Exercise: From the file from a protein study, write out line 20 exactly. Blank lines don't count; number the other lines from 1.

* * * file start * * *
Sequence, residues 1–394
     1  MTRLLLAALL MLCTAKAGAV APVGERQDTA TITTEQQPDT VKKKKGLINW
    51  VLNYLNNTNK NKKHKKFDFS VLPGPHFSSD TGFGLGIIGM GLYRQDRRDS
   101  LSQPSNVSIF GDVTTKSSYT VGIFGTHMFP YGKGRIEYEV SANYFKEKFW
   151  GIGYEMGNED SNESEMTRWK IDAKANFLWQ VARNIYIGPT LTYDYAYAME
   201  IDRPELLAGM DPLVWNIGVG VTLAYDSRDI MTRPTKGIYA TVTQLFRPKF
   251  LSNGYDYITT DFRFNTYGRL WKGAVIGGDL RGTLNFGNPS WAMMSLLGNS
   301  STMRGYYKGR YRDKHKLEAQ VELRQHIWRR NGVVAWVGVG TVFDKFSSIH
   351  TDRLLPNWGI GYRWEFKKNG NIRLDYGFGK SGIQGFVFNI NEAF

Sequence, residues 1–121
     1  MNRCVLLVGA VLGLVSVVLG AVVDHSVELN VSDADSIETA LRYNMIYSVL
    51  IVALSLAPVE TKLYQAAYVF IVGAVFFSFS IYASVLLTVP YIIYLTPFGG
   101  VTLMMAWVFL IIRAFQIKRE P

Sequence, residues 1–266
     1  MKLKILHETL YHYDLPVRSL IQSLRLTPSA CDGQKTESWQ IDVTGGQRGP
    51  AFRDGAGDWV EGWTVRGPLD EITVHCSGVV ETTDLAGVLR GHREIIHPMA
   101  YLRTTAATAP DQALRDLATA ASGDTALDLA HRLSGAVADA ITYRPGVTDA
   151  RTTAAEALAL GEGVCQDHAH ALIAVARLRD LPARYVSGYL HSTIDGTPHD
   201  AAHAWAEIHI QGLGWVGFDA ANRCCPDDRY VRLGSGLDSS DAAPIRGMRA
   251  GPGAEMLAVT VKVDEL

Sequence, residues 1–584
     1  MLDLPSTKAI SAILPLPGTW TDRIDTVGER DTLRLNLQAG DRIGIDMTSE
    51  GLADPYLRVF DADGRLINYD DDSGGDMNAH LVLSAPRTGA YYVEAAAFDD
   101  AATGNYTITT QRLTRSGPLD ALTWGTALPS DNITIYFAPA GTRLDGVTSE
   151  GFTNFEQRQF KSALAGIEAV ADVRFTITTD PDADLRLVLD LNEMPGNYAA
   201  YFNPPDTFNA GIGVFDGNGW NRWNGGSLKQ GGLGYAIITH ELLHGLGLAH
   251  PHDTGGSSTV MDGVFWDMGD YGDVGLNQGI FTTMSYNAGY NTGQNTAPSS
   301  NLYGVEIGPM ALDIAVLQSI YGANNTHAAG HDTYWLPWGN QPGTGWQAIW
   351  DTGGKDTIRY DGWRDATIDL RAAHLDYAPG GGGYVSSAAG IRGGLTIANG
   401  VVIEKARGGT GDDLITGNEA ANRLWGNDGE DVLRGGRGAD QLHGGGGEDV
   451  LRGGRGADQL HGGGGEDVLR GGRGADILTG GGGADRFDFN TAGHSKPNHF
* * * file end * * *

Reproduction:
   251  GPGAEMLAVT VKVDEL